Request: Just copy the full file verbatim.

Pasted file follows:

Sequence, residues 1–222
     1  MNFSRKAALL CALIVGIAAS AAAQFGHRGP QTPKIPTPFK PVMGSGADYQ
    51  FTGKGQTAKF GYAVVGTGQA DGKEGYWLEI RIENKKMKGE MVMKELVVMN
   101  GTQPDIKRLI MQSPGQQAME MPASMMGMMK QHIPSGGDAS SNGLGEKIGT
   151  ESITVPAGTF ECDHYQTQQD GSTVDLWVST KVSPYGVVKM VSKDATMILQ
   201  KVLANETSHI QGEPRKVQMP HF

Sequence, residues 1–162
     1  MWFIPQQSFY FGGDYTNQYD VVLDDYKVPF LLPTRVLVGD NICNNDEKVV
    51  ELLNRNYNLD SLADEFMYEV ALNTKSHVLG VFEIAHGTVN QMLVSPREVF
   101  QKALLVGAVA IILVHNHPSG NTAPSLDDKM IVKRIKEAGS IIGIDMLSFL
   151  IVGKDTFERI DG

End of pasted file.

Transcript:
Sequence, residues 1–222
     1  MNFSRKAALL CALIVGIAAS AAAQFGHRGP QTPKIPTPFK PVMGSGADYQ
    51  FTGKGQTAKF GYAVVGTGQA DGKEGYWLEI RIENKKMKGE MVMKELVVMN
   101  GTQPDIKRLI MQSPGQQAME MPASMMGMMK QHIPSGGDAS SNGLGEKIGT
   151  ESITVPAGTF ECDHYQTQQD GSTVDLWVST KVSPYGVVKM VSKDATMILQ
   201  KVLANETSHI QGEPRKVQMP HF

Sequence, residues 1–162
     1  MWFIPQQSFY FGGDYTNQYD VVLDDYKVPF LLPTRVLVGD NICNNDEKVV
    51  ELLNRNYNLD SLADEFMYEV ALNTKSHVLG VFEIAHGTVN QMLVSPREVF
   101  QKALLVGAVA IILVHNHPSG NTAPSLDDKM IVKRIKEAGS IIGIDMLSFL
   151  IVGKDTFERI DG